Al: The first time I was exposed to your work, I made a comment that you 'paint pictures with your words'. Tell us about that. Is it an intentional form of writing. Do you see yourself as a visual writer?
Jen: Geez, you have a memory like an elephant! This is a great question because I have never really thought about it before, so I pondered this, and I came up with this answer and the origin of how I developed the skill (I guess you'd call it a skill.)
I think have intentionally formed heavy description into the way I write. I say this because I remember one of my writing/literature classes in college. We were assigned to write a descriptive story. I recall our professor telling us that this meant we could not use general descriptions such as beautiful or ugly because these adjectives can mean so many different things to everyone, since beauty or unattractiveness is subjective. This professor, instead, told us to describe details, colors, texture, actual sensory factors to be able to allow the reader to see what we saw as we wrote. It was a process to stop and try to convey what I saw in my mind's eye to the reader without being general.
The best part was later the professor passed out our stories around the class. We had to read silently, and no one knew who was reading their own paper. The class was quiet, and all of a sudden, one person gasped and said, "Oh my God! No!" As it turned out, it was my paper.
I think that formed my skill and cemented the way that I wanted to write, and hopefully, elicit a response from a reader. So, that was the long answer to the question. Yes, I intentionally try to write so that a person may enter the movie reels in my head. *crosses fingers that it's working*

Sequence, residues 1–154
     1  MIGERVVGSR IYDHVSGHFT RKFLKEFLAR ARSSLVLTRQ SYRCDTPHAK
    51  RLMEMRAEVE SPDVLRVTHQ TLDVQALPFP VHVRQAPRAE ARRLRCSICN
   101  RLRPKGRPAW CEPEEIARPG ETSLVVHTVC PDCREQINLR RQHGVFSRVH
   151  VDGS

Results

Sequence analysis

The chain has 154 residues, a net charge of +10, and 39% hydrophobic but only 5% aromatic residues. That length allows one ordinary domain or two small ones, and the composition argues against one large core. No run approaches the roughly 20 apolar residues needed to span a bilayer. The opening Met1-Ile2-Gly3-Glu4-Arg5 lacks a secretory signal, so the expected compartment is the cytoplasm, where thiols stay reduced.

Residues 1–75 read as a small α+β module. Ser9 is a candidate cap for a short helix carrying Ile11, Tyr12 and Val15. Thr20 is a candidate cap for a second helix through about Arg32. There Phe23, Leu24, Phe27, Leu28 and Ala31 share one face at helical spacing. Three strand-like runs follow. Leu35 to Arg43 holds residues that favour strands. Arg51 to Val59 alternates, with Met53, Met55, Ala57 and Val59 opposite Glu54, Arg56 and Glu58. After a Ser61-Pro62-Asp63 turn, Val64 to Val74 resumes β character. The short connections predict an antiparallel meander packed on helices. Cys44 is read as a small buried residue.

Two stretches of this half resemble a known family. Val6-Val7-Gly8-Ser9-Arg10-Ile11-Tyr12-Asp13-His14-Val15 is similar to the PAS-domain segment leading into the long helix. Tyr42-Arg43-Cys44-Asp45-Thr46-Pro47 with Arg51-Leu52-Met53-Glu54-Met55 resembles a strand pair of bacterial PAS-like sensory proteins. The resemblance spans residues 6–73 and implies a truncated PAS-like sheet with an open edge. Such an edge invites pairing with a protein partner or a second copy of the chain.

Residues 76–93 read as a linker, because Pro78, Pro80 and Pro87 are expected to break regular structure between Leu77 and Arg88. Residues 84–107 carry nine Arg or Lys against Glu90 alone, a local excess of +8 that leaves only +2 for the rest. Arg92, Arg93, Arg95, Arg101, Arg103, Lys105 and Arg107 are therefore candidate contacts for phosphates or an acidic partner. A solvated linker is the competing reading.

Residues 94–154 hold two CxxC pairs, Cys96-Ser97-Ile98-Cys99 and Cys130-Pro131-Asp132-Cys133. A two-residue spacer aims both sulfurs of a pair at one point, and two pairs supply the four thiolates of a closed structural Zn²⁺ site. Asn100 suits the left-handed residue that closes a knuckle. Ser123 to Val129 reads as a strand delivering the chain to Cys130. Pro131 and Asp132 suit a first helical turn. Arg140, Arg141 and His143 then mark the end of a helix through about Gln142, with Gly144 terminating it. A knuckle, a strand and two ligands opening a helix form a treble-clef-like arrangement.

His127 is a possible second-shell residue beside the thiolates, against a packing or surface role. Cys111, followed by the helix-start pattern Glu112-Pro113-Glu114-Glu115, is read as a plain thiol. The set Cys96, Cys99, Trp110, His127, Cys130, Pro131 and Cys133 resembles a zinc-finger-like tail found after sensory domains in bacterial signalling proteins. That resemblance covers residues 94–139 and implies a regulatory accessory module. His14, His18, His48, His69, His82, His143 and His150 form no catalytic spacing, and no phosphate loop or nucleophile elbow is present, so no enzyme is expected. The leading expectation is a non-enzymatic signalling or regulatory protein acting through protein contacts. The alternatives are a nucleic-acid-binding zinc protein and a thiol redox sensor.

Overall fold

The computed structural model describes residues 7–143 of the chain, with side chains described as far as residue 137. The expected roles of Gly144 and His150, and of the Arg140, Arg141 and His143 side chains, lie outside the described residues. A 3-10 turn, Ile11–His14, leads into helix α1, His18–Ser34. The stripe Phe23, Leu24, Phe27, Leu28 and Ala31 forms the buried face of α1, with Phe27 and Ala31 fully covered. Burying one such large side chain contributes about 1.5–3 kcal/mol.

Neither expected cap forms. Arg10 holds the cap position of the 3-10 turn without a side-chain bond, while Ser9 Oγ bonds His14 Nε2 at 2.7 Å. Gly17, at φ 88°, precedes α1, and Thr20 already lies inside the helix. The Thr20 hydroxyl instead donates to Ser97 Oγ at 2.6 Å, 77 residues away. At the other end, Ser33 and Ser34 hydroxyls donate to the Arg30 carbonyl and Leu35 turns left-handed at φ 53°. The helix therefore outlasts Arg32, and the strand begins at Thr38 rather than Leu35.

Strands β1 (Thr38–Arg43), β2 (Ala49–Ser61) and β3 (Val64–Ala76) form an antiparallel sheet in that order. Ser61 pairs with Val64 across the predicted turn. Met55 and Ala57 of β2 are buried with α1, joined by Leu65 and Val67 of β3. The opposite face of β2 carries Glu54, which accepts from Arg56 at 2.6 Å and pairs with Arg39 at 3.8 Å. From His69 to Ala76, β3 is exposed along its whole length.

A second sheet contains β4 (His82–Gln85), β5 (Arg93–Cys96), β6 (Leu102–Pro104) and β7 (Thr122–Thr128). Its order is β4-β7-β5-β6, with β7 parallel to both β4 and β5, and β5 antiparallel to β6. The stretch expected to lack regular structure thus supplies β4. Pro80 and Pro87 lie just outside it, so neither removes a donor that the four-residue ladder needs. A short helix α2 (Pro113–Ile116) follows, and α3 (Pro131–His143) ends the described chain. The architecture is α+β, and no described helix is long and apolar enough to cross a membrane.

Al: I think it is working. I can tell you I was envious when I first read your work. It helped me up my game. Speaking of movie reels...would you ever dabble with a screenplay? Does that have any interest?
Jen: Thank you. You know, I have never really thought of it. I would have absolutely no clue where to start, or how screenplays are set up and written, especially in relation to stage direction. Do they write direction and character development along the way? Hmm, now I'm a little intrigued. I can't say that I wouldn't want to have a hand in something like that.
Al: No, in screenplays stage direction is a big no-no. The Director figures that out later. Next question: so what is your game plan going forward. Do you think a decade from now you will have ten stand-alones? Or, are you simply taking it one book at a time?
Jen: I would love to say that I could do a series, but my mind does not work that way. I've had requests for spin-off books with some of my ancillary characters. Even if I did decide to tell their stories, I believe I would make them stand-alones as well. Guess, I'll take it one book at a time and see where that leads me.
Al: Last question: What is your biggest fear?
Jen: When I am old, chance are I will die alone, and since by that time, I will have no other family, no one knowing and having my animals eat my dead body in the house... Which is also why I married a younger man, hopefully, he won't croak before me. Too depressing? Sharks. Those are some evil bastards.